Each year Queen’s awards first year students with scholarships for academic achievement and contributing to society and the community. Sam Mathers talks about his experiences of his first year in Architecture in Queen’s. Click on the image below to watch the video.
By: Eve Russell (Stage 3 Architecture Student, QUB)
Students who attended the Lines Drawn conference, during a walk through the CAT site. Photo by: Matthew Murnin (2014)
The recent ASN (Architecture Students Network) conference took place in Wales, at CAT (Centre for Alternative Technology) in Machynlleth, Wales. The title for the discussion led by students was “Lines Drawn” a conference to debate the future of architectural education. The conference was attended by students from throughout the UK and Ireland ranging from undergraduate level right through to Part 3. The event was attended by Pamela Cole, Head of Portsmouth School of Architecture and former chair of Professional Studies Advisors in Architecture (APSAA); Oliver Wainwright, Architecture Correspondent, The Guardian; and Will Hunter, Executive Editor of the Architectural Review and Director of London School of Architecture.
The venue hosting the conference was unusual for many of us coming from larger UK cities; however, it opened our eyes to sustainability and the methods that can be used to utilize passive energy. It was a fitting location for a conference exploring and questioning the mainstream routes of education.
Students, deep in discussion at the reservoir. Photo by: Matthew Murnin (2014)
Three stage 3 students from QUB received funding to represent Queen’s University and attend the conference in March, Aaron Farrell, Matthew Murnin and myself, Eve Russell. The debates were heated, passionate and lengthy and were a great opportunity for students from throughout the UK and Ireland to discuss their experiences of architectural education. We discussed the role of an architect, both in the past and the future; the importance of practice within architectural training and the structure of architectural education.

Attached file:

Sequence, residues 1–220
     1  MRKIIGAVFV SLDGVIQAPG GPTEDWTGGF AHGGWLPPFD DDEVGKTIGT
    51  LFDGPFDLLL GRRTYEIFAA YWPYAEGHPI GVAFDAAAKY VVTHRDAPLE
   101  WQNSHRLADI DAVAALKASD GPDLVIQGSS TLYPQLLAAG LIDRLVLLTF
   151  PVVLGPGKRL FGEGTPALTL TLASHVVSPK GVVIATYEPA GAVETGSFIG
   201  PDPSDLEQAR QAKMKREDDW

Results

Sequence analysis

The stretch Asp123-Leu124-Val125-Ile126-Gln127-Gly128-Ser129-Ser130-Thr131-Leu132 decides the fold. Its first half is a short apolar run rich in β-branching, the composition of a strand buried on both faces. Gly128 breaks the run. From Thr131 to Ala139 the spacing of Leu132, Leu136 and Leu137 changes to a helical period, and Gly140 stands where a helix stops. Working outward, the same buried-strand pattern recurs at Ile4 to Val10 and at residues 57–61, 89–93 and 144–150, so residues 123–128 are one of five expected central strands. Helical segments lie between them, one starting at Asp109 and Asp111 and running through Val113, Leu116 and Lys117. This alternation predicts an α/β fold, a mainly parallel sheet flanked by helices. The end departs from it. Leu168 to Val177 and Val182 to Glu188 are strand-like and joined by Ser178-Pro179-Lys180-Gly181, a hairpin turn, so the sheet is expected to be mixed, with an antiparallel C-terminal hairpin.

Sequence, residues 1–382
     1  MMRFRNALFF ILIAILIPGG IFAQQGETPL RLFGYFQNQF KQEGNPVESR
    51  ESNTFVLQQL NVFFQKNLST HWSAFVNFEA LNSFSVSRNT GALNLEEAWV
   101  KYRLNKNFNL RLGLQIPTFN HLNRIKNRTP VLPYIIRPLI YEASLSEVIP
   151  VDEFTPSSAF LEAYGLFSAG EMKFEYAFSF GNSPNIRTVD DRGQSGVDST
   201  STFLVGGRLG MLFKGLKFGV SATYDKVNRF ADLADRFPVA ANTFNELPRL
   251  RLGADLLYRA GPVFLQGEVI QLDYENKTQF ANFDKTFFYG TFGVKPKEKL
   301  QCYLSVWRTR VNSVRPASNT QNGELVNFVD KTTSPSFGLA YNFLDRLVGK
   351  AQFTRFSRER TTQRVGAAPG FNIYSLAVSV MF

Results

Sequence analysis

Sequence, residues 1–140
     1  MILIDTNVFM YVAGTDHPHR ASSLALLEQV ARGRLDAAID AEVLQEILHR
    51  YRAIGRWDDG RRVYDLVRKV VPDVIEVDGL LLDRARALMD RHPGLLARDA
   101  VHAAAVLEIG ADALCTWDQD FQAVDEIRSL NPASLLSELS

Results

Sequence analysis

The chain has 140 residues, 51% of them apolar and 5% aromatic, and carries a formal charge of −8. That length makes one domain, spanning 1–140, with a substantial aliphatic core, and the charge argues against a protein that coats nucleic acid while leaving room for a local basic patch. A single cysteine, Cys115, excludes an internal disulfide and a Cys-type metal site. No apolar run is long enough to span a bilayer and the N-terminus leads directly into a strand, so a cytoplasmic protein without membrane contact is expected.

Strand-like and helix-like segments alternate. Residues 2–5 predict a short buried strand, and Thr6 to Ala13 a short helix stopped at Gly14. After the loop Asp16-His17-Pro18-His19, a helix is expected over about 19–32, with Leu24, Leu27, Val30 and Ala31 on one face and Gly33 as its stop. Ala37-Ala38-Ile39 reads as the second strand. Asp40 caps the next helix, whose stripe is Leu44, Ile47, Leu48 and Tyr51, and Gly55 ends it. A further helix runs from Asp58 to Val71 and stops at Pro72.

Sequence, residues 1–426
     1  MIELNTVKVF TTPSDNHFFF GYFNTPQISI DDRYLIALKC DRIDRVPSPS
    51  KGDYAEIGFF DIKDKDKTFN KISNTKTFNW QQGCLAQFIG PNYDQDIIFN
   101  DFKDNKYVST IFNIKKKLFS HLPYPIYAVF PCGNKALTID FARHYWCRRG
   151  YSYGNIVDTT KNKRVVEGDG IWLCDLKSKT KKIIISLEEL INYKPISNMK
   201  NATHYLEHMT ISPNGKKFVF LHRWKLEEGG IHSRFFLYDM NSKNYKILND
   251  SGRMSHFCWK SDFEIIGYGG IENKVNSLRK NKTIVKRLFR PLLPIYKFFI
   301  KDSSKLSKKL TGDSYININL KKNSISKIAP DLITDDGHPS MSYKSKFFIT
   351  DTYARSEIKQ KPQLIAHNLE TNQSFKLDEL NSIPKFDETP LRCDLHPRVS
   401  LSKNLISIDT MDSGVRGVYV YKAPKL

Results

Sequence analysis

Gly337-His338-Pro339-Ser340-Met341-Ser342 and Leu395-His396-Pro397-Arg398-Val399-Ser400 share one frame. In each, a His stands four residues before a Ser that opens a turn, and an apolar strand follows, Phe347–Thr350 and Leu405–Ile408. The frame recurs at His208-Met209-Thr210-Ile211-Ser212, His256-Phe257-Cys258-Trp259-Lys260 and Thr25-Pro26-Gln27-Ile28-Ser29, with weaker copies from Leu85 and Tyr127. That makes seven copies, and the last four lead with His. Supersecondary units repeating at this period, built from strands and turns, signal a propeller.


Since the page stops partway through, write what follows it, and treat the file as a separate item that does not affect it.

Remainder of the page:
A timber construction project by students of CAT. Photo by: Matthew Murnin (2014)
This event was liberating for us as students, being able to freely discuss our education and its relevance to an architect’s role in society. From listening to students from other UK and Irish schools, we soon realized how well rounded an education we have been receiving at Queen’s. There are always improvements to be made, of course, but we came away in the knowledge that on the whole, architects have the ability to find a role within a changing society.
Wind Turbine at CAT (Centre for Alternative Technology). Photo by: Eve Russell (2014)